If I were to describe every situation that has taught me something meaningful that I’ve encountered in the last few months at the women’s shelter where I work, I could probably write a book. Oftentimes these moments are seemingly simple, and I don’t even realize the impact they’ve had on me until later. Sometimes I have a hard time pinpointing or articulating what these moments were and how they’ve impacted me, but then again some moments are just too beautiful not to share, even in their great simplicity. Try as I might, I will never understand what it truly means to face homelessness without experiencing it for myself. However, as I’ve attempted to embrace vulnerability and to open my ears and heart to the sometimes devastating truths my clients share, I have found that their stories have weaved their ways so delicately into my own. And I simply can’t help but share snippets of some of them, in hopes that you too may find your own story impacted, even gently.
Earlier this week, Shauna*, a spunky four-year-old skipped through the doorway of the Family Programs Area with her head held high and joy beaming in her smile. We have seen her and her family a lot lately at the shelter, and I have gotten to experience both the good days and the not so good ones with this family. But if the extra skip in her step was any indication, that particular day was destined to be a good one.
Seconds after I managed to relinquish my morning coffee long enough to muster a greeting, Shauna skipped over to me, put one hand on her hip, and held up wiry her right arm, proudly displaying a colorful rubber band bracelet that had not been on her wrist the day before.
“A girl gave this to me last night. She told me that I’m strong.” The determination in her voice and the sparkle in her eyes alluded to a newfound sense of confidence I hadn’t seen in her before. For the rest of the morning, Shauna took every opportunity to hold out her wrist for others to see, always making sure to tell the story behind the bracelet: “She told me that I’m strong.”
I recently read a Colorado Public Radio news piece exploring the links between poverty, stress, and academic success among teenagers. While the results of the study were not overly surprising (teens living in homelessness and poverty face a significant amount of stress and for a number of reasons often experience less academic success), one quote in particular really stuck out to me: “Youth have often told me — it’s taken one teacher noticing them, telling them they have potential that’s made the difference — that allows them to see their own potential.”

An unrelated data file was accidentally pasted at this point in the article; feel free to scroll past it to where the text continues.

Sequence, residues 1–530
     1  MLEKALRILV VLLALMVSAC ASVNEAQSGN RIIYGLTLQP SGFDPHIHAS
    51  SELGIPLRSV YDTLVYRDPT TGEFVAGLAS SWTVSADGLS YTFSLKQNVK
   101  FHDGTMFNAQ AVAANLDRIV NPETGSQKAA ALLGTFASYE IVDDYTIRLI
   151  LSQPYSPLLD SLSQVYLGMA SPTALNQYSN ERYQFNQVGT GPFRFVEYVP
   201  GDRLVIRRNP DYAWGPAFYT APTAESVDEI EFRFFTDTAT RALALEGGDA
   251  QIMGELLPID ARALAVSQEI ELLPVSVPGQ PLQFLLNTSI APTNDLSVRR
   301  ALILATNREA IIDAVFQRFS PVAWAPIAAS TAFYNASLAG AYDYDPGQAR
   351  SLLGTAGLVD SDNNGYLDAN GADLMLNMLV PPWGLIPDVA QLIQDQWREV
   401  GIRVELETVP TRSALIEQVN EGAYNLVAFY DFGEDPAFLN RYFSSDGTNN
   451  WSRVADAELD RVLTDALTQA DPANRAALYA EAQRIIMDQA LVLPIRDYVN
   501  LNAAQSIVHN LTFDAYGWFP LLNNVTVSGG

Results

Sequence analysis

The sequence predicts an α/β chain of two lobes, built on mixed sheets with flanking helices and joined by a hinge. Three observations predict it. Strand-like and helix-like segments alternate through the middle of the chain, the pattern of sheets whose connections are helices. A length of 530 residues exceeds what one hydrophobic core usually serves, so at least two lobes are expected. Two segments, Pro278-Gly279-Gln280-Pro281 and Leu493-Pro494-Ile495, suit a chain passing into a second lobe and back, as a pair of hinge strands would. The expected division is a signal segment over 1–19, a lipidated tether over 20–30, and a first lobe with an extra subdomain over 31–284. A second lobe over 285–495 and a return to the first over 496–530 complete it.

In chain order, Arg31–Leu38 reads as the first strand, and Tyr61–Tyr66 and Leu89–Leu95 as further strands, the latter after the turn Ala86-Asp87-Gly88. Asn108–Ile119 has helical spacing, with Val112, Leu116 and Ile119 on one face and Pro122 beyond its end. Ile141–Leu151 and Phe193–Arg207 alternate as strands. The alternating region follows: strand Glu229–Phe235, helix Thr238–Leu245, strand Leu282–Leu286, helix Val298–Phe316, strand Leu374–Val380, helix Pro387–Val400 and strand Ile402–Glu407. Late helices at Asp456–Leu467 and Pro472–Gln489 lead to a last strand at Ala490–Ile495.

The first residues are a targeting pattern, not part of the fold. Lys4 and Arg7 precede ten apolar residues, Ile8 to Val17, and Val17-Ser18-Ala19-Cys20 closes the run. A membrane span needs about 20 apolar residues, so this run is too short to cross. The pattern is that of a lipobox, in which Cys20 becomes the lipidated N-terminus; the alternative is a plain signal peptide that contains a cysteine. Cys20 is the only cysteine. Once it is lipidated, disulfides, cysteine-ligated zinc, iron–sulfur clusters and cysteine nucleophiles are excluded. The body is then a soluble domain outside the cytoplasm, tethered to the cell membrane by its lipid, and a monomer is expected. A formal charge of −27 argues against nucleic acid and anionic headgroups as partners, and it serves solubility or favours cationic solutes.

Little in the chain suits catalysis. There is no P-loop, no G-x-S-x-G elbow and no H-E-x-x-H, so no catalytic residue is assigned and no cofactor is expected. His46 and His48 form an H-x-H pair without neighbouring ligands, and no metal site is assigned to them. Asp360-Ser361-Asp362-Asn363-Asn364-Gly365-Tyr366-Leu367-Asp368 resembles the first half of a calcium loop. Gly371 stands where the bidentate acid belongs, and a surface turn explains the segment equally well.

In a world filled with so much need, it can be so easy to become completely overwhelmed at the mere thought of trying to make a difference. In my months at The Gathering Place, I have lost count of the number of days that I have left work feeling completely burned out, exhausted, and really, really small. I leave frustrated at the fact that affordable housing is so hard to come by in Denver. I leave feeling devastated after witnessing the effects of trauma and neglect on young children. I leave overwhelmed at the realization of the prevalence of mental illness. I almost always leave wishing I could have done more, said more, given more. But this study and a story about a simple rubber band bracelet remind me of the power of just one person: One person who tells a young girl that she’s strong. One person who stops long enough to simply listen to a frustrated friend, coworker, or complete stranger and be present in the moment, even if it feels completely inadequate. One person who looks into the eyes of a teenager and points out the unique gifts he or she possesses. One person who recognizes the presence of God in their neighbor, regardless of skin color, gender identity, sexual orientation, physical ability, or financial situation. At the risk of sounding cliché, it turns out one person can really do a lot.
Even people who are in the midst of the most devastating life situations are not helpless, passive beings. People possess an incredible amount of strength, beauty, and power, if only they are able to recognize it.
So today, take a moment to recognize your own power, my friends. And dare to share even just a spark of that beautiful power to ignite the power and strength in others.
*name has been changed